Aaron Rodgers, Brett Favre And The Ongoing Battle For Green Bay Supremacy


“All you old rappers tryna advance/It’s all over now take it like a man…”
— Tupac from “Against All Odds” on The Don Killuminati: The 7 Day Theory (1996)

The year 1993 was one defined by transition. Michael Jordan retired from the NBA to pursue a baseball career. Bill Clinton was inaugurated in office as the 42nd President of the United States. And, most importantly, the infamous “Aunt Viv switcharoo” went down. For as classic a show as The Fresh Prince of Bel Air was, that one moment stands as one of the oddest in sitcom history. You see, the original Aunt Viv – Janet Hubert-Whitten – was the backbone. She was the glue, the strong Black mother and, for what it’s worth, the finest example of a classy African-American woman not named Clair Huxtable. Then, out of the clear blue sky, Aunt Viv returned as Daphne Reid with no real explanation as to why until years later.

I say all of that to say this. Change is inevitable, and is often times not the easiest thing in the world to accept.

The other day I found myself in an interesting conversation highlighted with an even more intriguing question. Is Aaron Rodgers on his way to making Brett Favre irrelevant in Green Bay? So we’re clear, the transition from Favre to Rodgers was the most uncomfortable since the Aunt Viv swap. The only difference being we knew eventually Rodgers would take over. We just didn’t know when or how. Prior to the start of the 2007-2008 season, following Favre was damn near seen as career homicide. Rodgers had been made a fool of in the 2005 draft and now the poor guy had to replace a living legend.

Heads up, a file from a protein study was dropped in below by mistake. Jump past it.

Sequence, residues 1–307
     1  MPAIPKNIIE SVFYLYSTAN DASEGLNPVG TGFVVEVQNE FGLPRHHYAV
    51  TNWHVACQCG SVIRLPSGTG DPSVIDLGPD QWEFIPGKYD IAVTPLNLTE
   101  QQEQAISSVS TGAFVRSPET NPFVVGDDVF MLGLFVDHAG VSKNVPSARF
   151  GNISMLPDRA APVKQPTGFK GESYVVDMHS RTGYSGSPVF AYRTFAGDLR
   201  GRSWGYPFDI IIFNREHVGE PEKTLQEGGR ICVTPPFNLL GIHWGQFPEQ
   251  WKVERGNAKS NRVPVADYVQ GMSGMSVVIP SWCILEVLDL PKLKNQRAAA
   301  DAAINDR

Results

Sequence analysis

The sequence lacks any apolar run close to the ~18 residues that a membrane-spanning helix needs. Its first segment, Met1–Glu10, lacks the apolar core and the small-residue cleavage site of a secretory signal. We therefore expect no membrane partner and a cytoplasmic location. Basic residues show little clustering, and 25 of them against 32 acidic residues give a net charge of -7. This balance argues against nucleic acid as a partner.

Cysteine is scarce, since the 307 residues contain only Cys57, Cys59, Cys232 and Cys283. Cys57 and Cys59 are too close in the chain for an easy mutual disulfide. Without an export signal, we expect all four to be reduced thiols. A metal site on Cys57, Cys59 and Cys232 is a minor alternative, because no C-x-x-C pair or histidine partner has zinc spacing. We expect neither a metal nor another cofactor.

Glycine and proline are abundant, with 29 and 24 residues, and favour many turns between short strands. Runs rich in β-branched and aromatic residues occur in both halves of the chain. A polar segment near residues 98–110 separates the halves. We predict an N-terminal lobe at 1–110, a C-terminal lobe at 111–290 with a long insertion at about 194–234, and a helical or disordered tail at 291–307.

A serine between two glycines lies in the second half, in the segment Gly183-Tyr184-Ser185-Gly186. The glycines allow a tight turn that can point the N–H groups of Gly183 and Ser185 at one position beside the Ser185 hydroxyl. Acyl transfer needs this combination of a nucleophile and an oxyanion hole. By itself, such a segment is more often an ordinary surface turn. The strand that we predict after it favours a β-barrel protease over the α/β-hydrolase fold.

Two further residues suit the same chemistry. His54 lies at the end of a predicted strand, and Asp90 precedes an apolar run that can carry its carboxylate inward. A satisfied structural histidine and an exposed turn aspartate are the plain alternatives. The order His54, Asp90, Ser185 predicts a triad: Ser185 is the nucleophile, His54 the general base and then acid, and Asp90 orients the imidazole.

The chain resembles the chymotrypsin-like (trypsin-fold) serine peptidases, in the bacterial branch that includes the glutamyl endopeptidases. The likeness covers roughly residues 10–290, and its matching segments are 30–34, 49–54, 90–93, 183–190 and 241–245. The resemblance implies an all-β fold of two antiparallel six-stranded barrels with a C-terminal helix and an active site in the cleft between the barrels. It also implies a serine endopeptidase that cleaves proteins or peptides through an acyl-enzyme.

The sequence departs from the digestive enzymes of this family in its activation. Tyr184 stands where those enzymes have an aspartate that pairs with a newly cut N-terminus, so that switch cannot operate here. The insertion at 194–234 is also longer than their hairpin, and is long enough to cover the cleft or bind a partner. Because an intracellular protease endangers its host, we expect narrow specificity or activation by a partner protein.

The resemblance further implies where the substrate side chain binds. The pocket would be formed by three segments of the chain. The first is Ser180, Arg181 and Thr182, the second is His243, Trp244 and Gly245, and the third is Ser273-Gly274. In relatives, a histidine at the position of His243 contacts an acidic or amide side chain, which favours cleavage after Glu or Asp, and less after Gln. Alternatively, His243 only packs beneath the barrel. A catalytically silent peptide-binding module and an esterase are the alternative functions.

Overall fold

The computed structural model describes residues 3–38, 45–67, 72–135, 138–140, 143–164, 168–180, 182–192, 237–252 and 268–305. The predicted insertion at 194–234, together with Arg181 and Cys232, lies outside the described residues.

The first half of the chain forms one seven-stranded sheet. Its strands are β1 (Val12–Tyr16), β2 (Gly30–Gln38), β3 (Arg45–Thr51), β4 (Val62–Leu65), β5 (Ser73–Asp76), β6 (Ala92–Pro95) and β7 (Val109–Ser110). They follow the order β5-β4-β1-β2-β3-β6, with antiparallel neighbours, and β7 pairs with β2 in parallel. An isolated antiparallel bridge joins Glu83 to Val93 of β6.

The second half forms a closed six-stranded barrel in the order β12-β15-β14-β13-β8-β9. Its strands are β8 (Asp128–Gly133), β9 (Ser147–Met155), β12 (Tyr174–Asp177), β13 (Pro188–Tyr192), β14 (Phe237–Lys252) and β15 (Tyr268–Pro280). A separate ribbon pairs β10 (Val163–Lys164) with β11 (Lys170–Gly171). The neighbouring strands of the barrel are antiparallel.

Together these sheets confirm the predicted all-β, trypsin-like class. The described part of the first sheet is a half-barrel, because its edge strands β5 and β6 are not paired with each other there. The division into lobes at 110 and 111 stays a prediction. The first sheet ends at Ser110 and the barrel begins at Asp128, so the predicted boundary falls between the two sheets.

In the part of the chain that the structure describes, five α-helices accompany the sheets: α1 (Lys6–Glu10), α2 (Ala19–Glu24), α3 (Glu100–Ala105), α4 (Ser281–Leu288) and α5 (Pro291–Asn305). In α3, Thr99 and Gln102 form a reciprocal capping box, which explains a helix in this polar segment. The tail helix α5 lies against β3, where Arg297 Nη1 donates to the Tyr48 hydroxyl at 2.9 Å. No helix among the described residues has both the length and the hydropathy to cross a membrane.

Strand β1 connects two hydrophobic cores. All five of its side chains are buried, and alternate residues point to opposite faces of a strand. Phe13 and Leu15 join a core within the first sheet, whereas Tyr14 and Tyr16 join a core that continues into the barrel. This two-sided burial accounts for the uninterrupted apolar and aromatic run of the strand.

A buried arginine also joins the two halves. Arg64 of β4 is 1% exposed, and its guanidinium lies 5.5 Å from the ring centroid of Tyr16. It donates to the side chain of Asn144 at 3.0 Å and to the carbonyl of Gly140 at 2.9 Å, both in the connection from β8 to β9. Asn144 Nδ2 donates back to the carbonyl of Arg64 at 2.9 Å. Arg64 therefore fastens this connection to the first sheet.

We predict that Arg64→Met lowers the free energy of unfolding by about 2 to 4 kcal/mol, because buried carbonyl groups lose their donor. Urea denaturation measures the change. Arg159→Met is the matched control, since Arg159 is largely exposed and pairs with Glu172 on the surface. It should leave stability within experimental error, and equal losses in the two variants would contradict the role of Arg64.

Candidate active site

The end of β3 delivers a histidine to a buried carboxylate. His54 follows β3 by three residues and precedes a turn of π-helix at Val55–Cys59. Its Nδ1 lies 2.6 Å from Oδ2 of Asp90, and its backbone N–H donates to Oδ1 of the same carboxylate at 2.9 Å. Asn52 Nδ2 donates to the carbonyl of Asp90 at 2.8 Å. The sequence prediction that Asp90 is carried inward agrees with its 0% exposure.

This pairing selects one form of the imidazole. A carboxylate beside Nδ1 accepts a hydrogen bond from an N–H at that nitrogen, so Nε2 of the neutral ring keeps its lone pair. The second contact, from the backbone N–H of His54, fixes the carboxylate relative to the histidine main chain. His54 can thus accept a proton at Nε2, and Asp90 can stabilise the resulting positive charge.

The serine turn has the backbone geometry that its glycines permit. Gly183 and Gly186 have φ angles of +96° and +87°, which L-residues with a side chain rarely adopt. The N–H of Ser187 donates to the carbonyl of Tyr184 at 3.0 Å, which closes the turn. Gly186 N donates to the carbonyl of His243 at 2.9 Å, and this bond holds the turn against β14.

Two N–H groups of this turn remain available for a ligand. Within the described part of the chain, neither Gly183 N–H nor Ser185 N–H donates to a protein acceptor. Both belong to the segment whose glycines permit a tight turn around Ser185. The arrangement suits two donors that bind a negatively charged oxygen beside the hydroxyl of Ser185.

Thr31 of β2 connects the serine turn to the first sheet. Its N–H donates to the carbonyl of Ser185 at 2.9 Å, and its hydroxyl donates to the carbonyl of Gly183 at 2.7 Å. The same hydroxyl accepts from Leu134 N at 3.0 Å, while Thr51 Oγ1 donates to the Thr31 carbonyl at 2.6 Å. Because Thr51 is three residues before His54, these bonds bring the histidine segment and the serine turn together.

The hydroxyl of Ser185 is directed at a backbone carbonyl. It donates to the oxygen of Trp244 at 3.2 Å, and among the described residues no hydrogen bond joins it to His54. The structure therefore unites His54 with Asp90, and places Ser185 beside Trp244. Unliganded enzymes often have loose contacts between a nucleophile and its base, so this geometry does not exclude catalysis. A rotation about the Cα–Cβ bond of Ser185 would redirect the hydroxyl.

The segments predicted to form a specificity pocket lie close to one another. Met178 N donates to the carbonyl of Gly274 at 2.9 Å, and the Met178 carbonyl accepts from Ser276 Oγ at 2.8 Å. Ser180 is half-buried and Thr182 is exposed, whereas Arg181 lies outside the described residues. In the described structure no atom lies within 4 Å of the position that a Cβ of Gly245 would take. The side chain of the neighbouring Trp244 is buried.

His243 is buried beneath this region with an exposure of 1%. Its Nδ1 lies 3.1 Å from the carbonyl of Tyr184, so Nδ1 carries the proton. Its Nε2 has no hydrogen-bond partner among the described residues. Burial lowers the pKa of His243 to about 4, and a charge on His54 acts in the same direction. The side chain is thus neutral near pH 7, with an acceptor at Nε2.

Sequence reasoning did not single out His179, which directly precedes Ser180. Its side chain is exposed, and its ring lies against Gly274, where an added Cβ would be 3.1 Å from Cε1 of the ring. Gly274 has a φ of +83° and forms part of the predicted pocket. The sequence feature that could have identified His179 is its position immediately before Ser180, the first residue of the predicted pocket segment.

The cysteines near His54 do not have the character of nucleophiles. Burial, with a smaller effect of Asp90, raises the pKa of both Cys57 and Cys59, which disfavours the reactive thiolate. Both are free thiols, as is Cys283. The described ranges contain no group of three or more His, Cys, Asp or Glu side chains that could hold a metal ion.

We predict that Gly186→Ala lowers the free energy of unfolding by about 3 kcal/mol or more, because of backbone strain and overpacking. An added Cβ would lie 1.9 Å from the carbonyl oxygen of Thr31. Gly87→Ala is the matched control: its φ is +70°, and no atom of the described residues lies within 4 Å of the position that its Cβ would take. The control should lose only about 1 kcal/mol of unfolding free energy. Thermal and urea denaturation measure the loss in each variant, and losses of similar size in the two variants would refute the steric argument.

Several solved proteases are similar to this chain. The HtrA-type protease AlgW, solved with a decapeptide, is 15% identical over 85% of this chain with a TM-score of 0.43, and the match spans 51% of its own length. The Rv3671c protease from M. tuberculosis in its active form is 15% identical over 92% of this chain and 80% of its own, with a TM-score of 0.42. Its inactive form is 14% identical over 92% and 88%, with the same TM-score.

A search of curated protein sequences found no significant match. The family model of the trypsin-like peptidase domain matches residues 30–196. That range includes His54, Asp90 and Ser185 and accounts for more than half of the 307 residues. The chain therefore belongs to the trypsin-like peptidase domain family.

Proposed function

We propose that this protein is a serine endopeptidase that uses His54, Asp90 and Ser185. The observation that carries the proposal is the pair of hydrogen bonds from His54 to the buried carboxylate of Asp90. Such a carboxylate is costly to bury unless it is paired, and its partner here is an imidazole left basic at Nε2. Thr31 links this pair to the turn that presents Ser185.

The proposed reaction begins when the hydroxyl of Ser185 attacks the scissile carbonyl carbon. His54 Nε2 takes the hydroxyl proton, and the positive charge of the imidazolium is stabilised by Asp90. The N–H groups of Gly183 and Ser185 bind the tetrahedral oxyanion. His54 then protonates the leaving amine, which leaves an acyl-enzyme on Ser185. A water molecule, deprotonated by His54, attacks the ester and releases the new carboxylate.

Because, let’s be honest for a second, Brett Favre, even then, was arguably a top five quarterback of all time. He set records, defined a generation with his style of play and survived the most physically taxing American sport to a point where his heart never received the questions his decision making occasionally did. When Jordan retired, Favre was playing. When the OJ case gripped America, Favre was playing. When Tupac and Biggie were killed, Favre was playing. When 9/11 went down, Favre was playing. When Shaq and Kobe were at each other’s necks, Favre was playing. For every major sports and pop culture event the last two decades, Brett Favre was playing through concussions, cracked ribs, broken hearts and any other ailment the human body can endure. Hell, Brett Favre was probably a starting quarterback when you had sex for the first time. We don’t even really know if life really existed pre-Favre. He was the football equivalent of trying to hold a beach ball under water.

Now, where there’s yin, yang is always present. He didn’t leave Green Bay on the greatest of terms and Aaron Rodgers received an undervalued and all but extinct luxury in today’s NFL. He sat on the sidelines, with a clipboard attached to his hip, kept his mouth shut and watched as Favre played his last valiant years as a Packer out until his time emerged. That time came and before Favre could realize what happened, the change had been made and the journeyman era of his career was underway. It’s almost like what Ace did when Calvin got knocked in Paid In Full.

We see Rodgers now as this elite quarterback, but check these stats since becoming the full-time starter.

2008: 341-536, 4038 yards, 28 TD’s, 13 INT’s

2009: 350-541, 4434 yards, 30 TD’s, 7 INT’s

2010: 312-475, 3922 yards, 28 TD’s, 11 INT’s

2011 (so far): 192-265, 2619, 24 TD’s, 3 INT’s

He’s always been good. Now, we’re watching the era in a player’s career when they transform from really good, to great to “holy-sh*t-this-may-be-a-Hall-of-Fame- run.” Even with his team stung by injuries throughout 2010, Rodgers’ ability to see the bigger picture and have his own confidence affect all three facets of Green Bay’s game was Farve-esque. With Brett there, the Packers knew they were never out of a game and 2010 sealed the deal for Rodgers. With their playoff hopes on the line until the very last week of the season, A-Rod entered and is still currently in “The Program zone” – by that I mean each play moves at this speed. He helped bring the Eagles back down to Earth, embarrassed Atlanta something serious and hoisted the championship belt in the NFC Championship game against Chicago. Then came the Super Bowl where he did something Favre was never able to accomplish: take home MVP honors.